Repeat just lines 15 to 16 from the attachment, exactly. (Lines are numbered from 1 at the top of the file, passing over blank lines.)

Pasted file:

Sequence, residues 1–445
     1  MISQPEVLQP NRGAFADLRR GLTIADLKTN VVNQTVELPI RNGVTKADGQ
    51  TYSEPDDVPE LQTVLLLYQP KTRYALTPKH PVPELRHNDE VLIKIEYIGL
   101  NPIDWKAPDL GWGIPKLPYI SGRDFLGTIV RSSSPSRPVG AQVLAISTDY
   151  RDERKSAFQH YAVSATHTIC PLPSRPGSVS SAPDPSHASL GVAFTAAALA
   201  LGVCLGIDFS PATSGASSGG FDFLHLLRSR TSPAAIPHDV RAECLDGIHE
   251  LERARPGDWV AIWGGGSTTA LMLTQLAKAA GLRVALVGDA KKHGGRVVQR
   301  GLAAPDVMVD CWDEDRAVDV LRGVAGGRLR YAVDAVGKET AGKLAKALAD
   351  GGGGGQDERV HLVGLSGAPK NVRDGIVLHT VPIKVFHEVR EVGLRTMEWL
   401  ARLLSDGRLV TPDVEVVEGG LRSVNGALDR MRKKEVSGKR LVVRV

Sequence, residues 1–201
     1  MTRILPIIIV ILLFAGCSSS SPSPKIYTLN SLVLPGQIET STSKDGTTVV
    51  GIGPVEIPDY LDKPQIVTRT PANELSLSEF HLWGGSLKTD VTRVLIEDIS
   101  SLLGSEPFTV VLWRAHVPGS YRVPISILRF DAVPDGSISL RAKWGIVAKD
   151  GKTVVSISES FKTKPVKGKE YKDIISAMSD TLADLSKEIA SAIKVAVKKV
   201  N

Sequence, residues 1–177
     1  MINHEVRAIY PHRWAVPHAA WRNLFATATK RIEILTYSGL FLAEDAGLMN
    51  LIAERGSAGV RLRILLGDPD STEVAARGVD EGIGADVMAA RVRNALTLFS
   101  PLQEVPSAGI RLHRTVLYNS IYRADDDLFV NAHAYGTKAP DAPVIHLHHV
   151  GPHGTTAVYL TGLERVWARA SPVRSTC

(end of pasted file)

   151  GKTVVSISES FKTKPVKGKE YKDIISAMSD TLADLSKEIA SAIKVAVKKV
   201  N